Check out our Supplemental Essay Guide!
The Requirements: 1 essay of 250-650 words
Supplemental Essay Type(s): Community combined with Why
We know it. You know it. We know you know it. And now you know we know you know it: good research is the key to almost any supplemental essay! And Trinity College is no exception. You have your pick of two topics, but no matter which one you choose, you’ll need to connect your answer back to the campus community.
You’ll notice we’ve conveniently ignored the big, fat “OPTIONAL” at the beginning of the instructions. In our book, there’s pretty much no such thing as an optional essay, and these prompts give you a prime opportunity to show admissions what you’d be like as a student. Trust us, you don’t want to pass it up.
This might seem like a lot to swallow at first, but let’s break it down. Trinity College, located in Hartford, Connecticut, wants to know how you plan on using your education to affect change in both local and global communities. So, essentially, how do you plan on using your higher education to help others? If you don’t immediately envision yourself as an ER doctor in a busy public hospital, don’t worry! (And if you do, we salute you; that’s a great place to start your essay.) Many applicants will likely benefit from doing a little bit of research to kickstart a few minutes of brainstorming. Spend an hour or so on the school website getting to know the department (or departments) that interests you most. If you’re interested in studio art, what kinds of opportunities does Trinity provide for painters or photographers to engage with the local community? Don’t be bashful about drawing your inspiration from the program; at the end of the day, an essay based on real information about the school will only demonstrate your commitment. What will you draw from the opportunities Trinity offers to students in your field? And how might you leverage that training to continue to do good in the world?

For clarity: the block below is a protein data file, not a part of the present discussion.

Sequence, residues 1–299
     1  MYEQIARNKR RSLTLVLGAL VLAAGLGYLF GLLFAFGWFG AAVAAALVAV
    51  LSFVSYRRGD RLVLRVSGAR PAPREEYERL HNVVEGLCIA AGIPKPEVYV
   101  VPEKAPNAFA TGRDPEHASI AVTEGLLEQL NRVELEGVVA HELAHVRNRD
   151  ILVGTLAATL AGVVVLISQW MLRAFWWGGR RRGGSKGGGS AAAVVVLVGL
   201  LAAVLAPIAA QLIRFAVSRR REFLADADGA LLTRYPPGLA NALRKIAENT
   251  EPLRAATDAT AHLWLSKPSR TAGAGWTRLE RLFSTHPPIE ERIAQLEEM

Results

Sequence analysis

Once again, the grandiose introduction to this prompt makes it seem more complicated than it actually is. In fact, this is almost as close to a catch-all essay as you’ll find on a supplemental application. If you aren’t telling a story about the way you “engage, connect, or transform” some aspect of yourself or the world, you’re doing it wrong #sorrynotsorry. So if the more academic angle of prompt A didn’t appeal to you, or if you have a story you’re just dying to tell admissions, prompt B is where it’s at. Solid topics for this prompt would also probably work nicely with the Common App’s first personal statement prompt, which asks about your background. Whatever story you choose to tell, you’ll want it to be focused on a community or aspect of your upbringing that has shaped who you are. In other words, provide concrete evidence to demonstrate who you are and who you’ll be at Trinity. No topic is too big or small. You could write about the summer Sundays you used to spend doing crosswords with your grandma, and how you just know you’ll be able to connect with your peers over a shared love of words. Or maybe your memories of your family’s difficult immigration to this country will lead you to get involved with student activist groups or the school newspaper. Whatever you write about, be sure to connect it to some real aspect of Trinity student life. (Good research is the gift that keeps on giving!) With a detailed narrative grounded in research, you’ll easily be able to back your final essay into this prompt and align it with one of Trinity’s core values.